Shingles - Fact File
An acute, localized infection with the virus Herpes varicellae, causing painful blistering eruptions.
Causes, incidence, and risk factors
Herpes zoster, or shingles, is caused by the same virus that causes chickenpox. It occurs as a result of the virus becoming dormant (inactive) after an attack of chickenpox and re-emerging many years later. The cause of the reactivation is unknown. Usually only one attack occurs, without recurrence. If an adult is exposed to herpes zoster virus and has not had chickenpox, a severe case of chickenpox usually develops rather than shingles.
The virus resides in a dormant condition in the nerve tracts that emerge from the spine. When it is reactivated, it spreads along the nerve tract, first causing pain or a burning sensation. The typical rash appears in 2 to 3 days, after the virus has reached the skin. It consists of red patches of skin with small blisters (vesicles) that look very similar to early chickenpox. The rash maximizes over the next 3 to 5 days. Then the blisters break forming small ulcers which begin to dry and form crusts. The crusts fall off in 2 to 3 weeks, leaving behind pink healing skin.
Lesions typically appear along a single dermatome (the body area served by a single spinal nerve) and are only on one side of the body (unilateral). The trunk is most often affected, showing a rectangular belt of rash from the spine around one side of the chest to the breastbone (sternum). Lesions may also occur on the neck or face, particularly the trigeminal nerve in the face. The trigeminal has three branches: the superior which goes to the forehead, the middle which goes to the mid-face and the inferior which goes to the lower face. Which branch is involved determines where on the face the skin lesions will be. Trigeminal nerve involvement may include lesions in the mouth or eye. Eye lesions may lead to permanent blindness.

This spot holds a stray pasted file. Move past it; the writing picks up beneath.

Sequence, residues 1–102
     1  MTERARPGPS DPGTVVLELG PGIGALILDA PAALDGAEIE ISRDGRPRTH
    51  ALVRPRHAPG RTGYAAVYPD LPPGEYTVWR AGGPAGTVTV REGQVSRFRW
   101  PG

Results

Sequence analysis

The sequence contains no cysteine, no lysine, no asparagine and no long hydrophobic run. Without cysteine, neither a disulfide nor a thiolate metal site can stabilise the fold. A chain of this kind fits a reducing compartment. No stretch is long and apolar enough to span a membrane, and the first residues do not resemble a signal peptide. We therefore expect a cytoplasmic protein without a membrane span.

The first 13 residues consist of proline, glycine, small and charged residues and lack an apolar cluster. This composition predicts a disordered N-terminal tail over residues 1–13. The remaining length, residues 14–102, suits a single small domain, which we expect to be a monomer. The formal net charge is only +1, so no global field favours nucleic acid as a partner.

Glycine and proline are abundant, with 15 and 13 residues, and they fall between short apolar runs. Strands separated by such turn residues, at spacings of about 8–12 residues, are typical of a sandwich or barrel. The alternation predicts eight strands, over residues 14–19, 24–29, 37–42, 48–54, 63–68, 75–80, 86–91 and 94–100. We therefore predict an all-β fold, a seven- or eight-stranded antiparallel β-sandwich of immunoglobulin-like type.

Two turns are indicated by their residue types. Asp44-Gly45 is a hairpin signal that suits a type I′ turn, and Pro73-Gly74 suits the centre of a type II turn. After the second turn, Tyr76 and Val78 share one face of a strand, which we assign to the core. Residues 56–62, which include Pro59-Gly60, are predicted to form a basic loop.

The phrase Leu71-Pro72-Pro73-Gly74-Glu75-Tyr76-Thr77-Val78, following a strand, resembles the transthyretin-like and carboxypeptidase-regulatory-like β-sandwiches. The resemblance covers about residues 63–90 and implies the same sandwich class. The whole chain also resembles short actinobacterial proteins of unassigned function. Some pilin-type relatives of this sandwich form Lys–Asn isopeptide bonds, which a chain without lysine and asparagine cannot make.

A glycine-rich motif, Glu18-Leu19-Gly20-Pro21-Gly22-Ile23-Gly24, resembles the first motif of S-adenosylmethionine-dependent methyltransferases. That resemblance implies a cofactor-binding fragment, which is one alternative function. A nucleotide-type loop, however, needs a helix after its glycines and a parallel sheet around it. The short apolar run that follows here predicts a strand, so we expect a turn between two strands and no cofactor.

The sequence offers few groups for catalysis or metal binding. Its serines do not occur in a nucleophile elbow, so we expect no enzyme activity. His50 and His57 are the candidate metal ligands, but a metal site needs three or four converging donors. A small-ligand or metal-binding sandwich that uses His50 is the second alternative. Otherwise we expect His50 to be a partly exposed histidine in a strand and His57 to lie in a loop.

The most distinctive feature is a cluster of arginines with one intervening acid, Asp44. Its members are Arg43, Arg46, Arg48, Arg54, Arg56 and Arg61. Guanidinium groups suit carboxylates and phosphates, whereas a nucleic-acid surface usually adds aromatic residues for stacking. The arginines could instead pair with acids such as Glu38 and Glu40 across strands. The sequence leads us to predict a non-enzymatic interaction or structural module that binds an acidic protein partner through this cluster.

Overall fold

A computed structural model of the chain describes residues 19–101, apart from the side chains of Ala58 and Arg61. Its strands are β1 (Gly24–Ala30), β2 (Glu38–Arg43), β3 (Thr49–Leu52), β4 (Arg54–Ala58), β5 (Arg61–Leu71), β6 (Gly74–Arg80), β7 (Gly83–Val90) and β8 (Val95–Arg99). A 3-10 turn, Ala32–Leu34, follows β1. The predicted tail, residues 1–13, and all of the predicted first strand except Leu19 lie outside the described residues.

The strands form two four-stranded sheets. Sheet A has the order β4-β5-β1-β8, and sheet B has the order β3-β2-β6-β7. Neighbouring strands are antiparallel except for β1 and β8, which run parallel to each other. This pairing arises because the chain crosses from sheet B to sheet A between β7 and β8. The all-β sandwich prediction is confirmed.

Involvement of the facial nerve may cause Ramsay Hunt syndrome with facial paralysis, hearing loss, loss of taste in half of the tongue and skin lesions around the ear and ear canal. Shingles may, on rare occasion, involve the genitalia or upper leg.
Shingles may be complicated by a condition known as post-herpetic neuralgia. This is persistence of pain in the area where the shingles occurred that may last from months to years following the initial episode. This pain can be severe enough to be incapacitating to a person, especially if they are elderly.
Herpes zoster can be contagious through direct contact in an individual who has not had chickenpox and therefore has no immunity. Herpes zoster may affect any age group but is much more common in adults over 60 years old, in children who had chickenpox before the age of one year, and in individuals who are immunocompromised. The disorder is common, with about 300,000 cases in the U.S. per year (about 2 out of every 1,000 people).
Localized shingles involving only one dermatome is typical for an outbreak of shingles. Generalized or recurrent shingles may indicate an underlying disorder with the immune system such as leukemia, Hodgkin's disease, other cancers, atopic dermatitis, or HIV infection (ARC or AIDS). Those who are immunosuppressed because of organ transplant or treatment for cancer or similar disorders may also experience the disorder. Shingles may be an early sign in persons with HIV infection that the immune system has deteriorated enough that they would now be classified as having ARC (AIDS Related Complex) or AIDS.